However, everyone likes to see themselves as “good” people. Christianity gives those who enjoy the suffering of others the perfect out, so that they never have to face what they really are. Christianity tells them that suffering brings people closer to Jesus and salvation. So, if you enjoy watching other people suffer, you’re really a loving person because you want to see the sufferers saved and have “eternal life”.

    I think this is a lot of why Republicans in the US don’t really give a rat’s ass that people will lose their health insurance. So many Republicans are Christians, and so many Christians are Republicans because they share this viewpoint about cruelty. It’s lots of fun for them.

    L

  11. Jenny Haniver
    Posted July 20, 2017 at 2:55 pm | Permalink

    This is just so sick, though nothing new. I’m collecting quotes from MT, the bible, and elsewhere on the valorization of suffering and poverty, so found some good ones here and in links. In one link I was taken to this website Mystics of the Church
    http://www.mysticsofthechurch.com/ for a welter of sadomasochistic asceticism.
    And as Ross R points out, Mother Teresa was a sadist, not a masochist. And Protestants can be just as twisted about all this.

    But the valorization of suffering and poverty goes beyond religion and seeps into secular society (in many NGOs and domestic social welfare programs), though usually, if one scratches the surface, there’s some “spiritual” component to justify this way of elevating, I mean distancing, such individuals and groups from our personal lives, except through acts of charity, which often keep the “Other” subjugated and suffering. And it also brainwashes the sufferer into thinking they’re a morally deficient person if they complain. Certainly, that’s what Mother Teresa’s “charity” was all about — it sure wasn’t about helping those people get on their feet and improve their lot.

    • Jenny Haniver
      Posted July 20, 2017 at 2:58 pm | Permalink

      And, hey, what is the celebration of the Eucharist all about? the prime example in Christianity of fetishizing suffering.

      • Craw
        Posted July 20, 2017 at 9:17 pm | Permalink

        No, I think that’s mostly about fetishizing cannibalism.
        😉

        • Jenny Haniver
          Posted July 21, 2017 at 1:48 pm | Permalink

          I think you’re right. Theophagy was a feature of many ‘primitive’ religions.

  12. Kevin
    Posted July 20, 2017 at 3:32 pm | Permalink

    I have nothing of substance to add to this great conversation, but just want to highlight the challenge of clearly articulating ‘fetishization’.

  13. Sebastian
    Posted July 20, 2017 at 3:44 pm | Permalink

    My sense is that this kind of suffering fetish may have its – to some degree valid – core in some sort of ancient wisdom about people often experiencing personal growth (character, mind) during or after a period of suffering. In other words, they come out stronger on the other end – at least psychologically.

    I’m far from defending M. Theresa’s actions or Catholicism’s doctrins and I’m by no means suggesting that any preventable suffering shouldn’t be prevented. I’m merely suggesting there might be a diamond in this particular religious dunghill: people who have to suffer anyways, might use their suffering to ‘find’ themselves, strengthen and expand their minds.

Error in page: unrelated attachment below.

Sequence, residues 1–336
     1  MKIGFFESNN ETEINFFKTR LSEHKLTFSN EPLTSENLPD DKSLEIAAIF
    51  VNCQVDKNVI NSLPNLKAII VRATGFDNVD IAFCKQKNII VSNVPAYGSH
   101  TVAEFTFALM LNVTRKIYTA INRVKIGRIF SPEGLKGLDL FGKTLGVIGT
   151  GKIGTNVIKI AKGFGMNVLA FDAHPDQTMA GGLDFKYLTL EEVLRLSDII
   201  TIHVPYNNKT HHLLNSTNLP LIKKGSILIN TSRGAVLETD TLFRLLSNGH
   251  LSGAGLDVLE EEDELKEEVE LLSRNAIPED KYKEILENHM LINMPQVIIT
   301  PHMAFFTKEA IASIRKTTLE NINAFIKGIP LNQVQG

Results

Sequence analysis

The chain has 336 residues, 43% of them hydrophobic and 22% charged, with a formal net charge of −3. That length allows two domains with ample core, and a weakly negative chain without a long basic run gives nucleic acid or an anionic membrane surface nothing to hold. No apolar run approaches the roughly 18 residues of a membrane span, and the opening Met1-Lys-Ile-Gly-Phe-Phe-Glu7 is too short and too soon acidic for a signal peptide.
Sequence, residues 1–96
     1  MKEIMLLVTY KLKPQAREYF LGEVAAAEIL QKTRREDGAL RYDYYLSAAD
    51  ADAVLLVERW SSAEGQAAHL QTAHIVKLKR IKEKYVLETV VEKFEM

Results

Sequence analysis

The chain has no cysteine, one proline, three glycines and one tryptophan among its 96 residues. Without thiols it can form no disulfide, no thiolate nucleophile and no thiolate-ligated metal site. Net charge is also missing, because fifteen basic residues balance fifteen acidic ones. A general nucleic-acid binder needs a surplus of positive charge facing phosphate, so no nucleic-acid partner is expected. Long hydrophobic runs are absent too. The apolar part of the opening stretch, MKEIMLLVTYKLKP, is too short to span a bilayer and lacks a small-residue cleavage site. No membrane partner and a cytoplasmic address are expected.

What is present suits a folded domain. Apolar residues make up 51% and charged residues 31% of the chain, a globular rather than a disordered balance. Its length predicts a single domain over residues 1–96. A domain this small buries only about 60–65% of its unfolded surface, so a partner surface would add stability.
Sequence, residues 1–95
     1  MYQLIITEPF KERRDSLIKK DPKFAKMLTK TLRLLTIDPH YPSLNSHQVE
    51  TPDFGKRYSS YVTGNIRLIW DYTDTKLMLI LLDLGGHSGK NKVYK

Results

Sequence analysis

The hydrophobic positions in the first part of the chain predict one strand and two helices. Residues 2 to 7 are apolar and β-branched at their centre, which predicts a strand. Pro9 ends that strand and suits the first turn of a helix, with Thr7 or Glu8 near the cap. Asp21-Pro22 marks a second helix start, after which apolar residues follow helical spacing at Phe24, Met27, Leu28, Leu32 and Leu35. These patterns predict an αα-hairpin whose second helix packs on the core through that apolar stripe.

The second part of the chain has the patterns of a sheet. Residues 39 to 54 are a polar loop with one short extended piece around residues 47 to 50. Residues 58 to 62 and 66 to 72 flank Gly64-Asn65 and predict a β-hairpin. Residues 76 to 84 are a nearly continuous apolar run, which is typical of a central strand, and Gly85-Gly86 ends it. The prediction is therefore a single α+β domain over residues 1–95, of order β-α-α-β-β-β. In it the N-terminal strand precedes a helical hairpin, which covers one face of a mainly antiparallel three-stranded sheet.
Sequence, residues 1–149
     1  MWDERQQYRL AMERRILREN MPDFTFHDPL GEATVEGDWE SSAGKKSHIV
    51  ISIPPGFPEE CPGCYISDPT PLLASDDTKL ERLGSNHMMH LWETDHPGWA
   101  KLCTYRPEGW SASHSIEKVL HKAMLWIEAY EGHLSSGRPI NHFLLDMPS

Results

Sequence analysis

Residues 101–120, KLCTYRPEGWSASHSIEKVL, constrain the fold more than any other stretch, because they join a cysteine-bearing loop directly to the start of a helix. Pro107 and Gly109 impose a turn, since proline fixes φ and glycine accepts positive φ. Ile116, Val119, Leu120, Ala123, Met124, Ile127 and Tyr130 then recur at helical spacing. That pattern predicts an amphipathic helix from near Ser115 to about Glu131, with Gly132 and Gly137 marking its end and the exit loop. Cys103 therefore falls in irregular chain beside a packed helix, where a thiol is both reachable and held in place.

(Obviously this shouldn’t be enforced by any religious doctrin but a personal outlook).

    • Posted July 20, 2017 at 4:01 pm | Permalink

      If there were punishments for people like Mother Teresa after death, there should be a place for her worse than Hell. A religion that promotes “suffering is good”, as long as it’s someone other than yourself doing the suffering needs a special hereafter.

      For religious folk to collect money to alleviate suffering, but then to use it for other purposes is despicable. Just recently, there was an article about money intended for use by the Vatican Children’s Hospital being used instead to renovate one of the Vatican residences. Damn them!

    • rickflick
      Posted July 20, 2017 at 6:49 pm | Permalink

      That’s always been my feeling too.

      https://www.youtube.com/watch?v=WoaktW-Lu38

    • Craw
      Posted July 20, 2017 at 9:15 pm | Permalink

      Indeed. Most people in most places for most of history suffered a lot. Doctrines that palliate or give solace for that suffering have an obvious appeal. I think it is actually rather dismissive of the ubiquity of suffering, save for those of us in the modern first world, to ignore or dismiss the point you are making. Catholic doctrine has hijacked this impulse to find something redeeming in suffering for impure purposes, but the impulse itself is not impure.

      • Sebastian
        Posted July 21, 2017 at 4:41 am | Permalink

        I would add that there is still plenty of suffering in the modern first world, too.
        Even if we look beyond all the unsolved medical problems (cancer etc.), there is a lot of psychological suffering that doesn’t seem to get alleviated by wealthy modern lifestyle. Just think about addiction and depression issues that hit jaded, wealthy people in our societies. Also, people are still dying – sometimes way before their time – leaving behind grieving relatives and friends.